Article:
Inside Spencer: The KSRL Blog

Meet the KSRL Staff: Emily Beran

September 20th, 2016

This is the ninth installment in what will be a recurring series of posts introducing readers to the staff of the Kenneth Spencer Research Library. Joining us in July 2016, Emily Beran is Spencer’s newest team member; she’s the Library Assistant for Public Services.

Emily Beran, Library Assistant for Public Services

Where are you from?

I’m from Claflin, this little town in central Kansas.

What does your job at Spencer entail?

I’m primarily responsible for running reception and assisting with the day-to-day running of things at the Spencer (helping with schedule, office inventory, working with students, etc.). I’m also learning more about the collection right now so that soon I can page materials for patrons and help with research questions.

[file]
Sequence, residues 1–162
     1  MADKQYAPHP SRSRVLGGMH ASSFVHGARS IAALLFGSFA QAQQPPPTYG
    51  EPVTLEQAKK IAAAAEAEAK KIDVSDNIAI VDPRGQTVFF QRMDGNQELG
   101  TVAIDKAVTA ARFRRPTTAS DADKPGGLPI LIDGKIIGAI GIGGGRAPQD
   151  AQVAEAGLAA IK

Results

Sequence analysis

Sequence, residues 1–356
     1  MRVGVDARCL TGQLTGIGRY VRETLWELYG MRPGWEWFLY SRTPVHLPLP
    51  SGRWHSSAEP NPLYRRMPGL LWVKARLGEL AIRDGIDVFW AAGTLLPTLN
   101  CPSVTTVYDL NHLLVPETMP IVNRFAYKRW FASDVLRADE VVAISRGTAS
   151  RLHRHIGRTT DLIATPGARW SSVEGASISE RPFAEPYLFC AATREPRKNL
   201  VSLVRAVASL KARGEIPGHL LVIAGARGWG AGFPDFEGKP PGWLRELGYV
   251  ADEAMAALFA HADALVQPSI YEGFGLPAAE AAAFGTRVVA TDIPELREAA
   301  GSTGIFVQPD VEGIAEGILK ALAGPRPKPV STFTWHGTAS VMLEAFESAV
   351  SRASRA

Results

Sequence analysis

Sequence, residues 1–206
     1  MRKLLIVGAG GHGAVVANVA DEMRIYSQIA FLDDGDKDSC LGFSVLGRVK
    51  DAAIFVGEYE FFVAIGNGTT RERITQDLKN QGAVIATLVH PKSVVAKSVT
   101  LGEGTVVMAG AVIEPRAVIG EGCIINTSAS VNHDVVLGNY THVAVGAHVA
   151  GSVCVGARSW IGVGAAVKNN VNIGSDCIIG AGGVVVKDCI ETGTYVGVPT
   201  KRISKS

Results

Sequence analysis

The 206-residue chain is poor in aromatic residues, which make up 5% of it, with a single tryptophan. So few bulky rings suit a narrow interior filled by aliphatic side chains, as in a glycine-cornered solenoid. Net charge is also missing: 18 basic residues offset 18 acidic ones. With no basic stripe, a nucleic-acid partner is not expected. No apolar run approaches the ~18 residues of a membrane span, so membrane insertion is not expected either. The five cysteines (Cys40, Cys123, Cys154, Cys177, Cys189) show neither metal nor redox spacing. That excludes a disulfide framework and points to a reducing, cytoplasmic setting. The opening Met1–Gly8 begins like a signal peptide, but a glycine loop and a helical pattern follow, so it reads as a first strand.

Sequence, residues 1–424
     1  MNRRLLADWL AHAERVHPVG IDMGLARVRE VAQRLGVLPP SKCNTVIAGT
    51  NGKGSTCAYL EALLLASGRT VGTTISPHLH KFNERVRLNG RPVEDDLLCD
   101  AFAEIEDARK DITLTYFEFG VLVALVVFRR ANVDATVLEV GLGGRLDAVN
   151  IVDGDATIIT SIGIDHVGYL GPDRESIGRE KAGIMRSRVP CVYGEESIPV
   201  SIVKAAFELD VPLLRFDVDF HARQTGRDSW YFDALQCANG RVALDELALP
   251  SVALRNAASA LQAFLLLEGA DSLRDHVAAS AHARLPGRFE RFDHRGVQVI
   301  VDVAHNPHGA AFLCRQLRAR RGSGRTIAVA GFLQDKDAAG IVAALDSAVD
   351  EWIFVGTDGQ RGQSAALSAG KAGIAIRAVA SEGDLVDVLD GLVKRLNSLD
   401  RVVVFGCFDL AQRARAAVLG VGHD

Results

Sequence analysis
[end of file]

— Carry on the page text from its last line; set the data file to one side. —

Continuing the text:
How did you come to work at Spencer Research Library?

I actually worked for KU Libraries for three years as an undergrad (Watson Cataloging Department). When I saw there was an opening at the Spencer for a library assistant, I knew I had to apply! Not only did the position bring me back to KU but it also gave me the opportunity to work in an environment that really prizes research and accessibility to the amazing resources available here.

What is one of the most interesting items you’ve come across in Spencer’s collections?

Narrowing this down is so hard! Right now I’m really excited about the facsimiles of The St Alban’s Psalter and The Relics of St Cuthbert that I stumbled upon just the other day! Those are at the top of my list of items to check out!